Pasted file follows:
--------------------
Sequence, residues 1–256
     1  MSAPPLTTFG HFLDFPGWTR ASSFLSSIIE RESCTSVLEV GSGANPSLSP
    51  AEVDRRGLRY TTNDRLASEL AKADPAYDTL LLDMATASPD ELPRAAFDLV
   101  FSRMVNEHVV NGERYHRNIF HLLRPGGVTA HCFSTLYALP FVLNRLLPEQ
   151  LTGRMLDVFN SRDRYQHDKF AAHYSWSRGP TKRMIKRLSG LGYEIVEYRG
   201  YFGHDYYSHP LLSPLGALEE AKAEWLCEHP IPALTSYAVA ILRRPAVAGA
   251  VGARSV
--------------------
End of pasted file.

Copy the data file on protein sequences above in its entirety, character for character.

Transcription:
Sequence, residues 1–256
     1  MSAPPLTTFG HFLDFPGWTR ASSFLSSIIE RESCTSVLEV GSGANPSLSP
    51  AEVDRRGLRY TTNDRLASEL AKADPAYDTL LLDMATASPD ELPRAAFDLV
   101  FSRMVNEHVV NGERYHRNIF HLLRPGGVTA HCFSTLYALP FVLNRLLPEQ
   151  LTGRMLDVFN SRDRYQHDKF AAHYSWSRGP TKRMIKRLSG LGYEIVEYRG
   201  YFGHDYYSHP LLSPLGALEE AKAEWLCEHP IPALTSYAVA ILRRPAVAGA
   251  VGARSV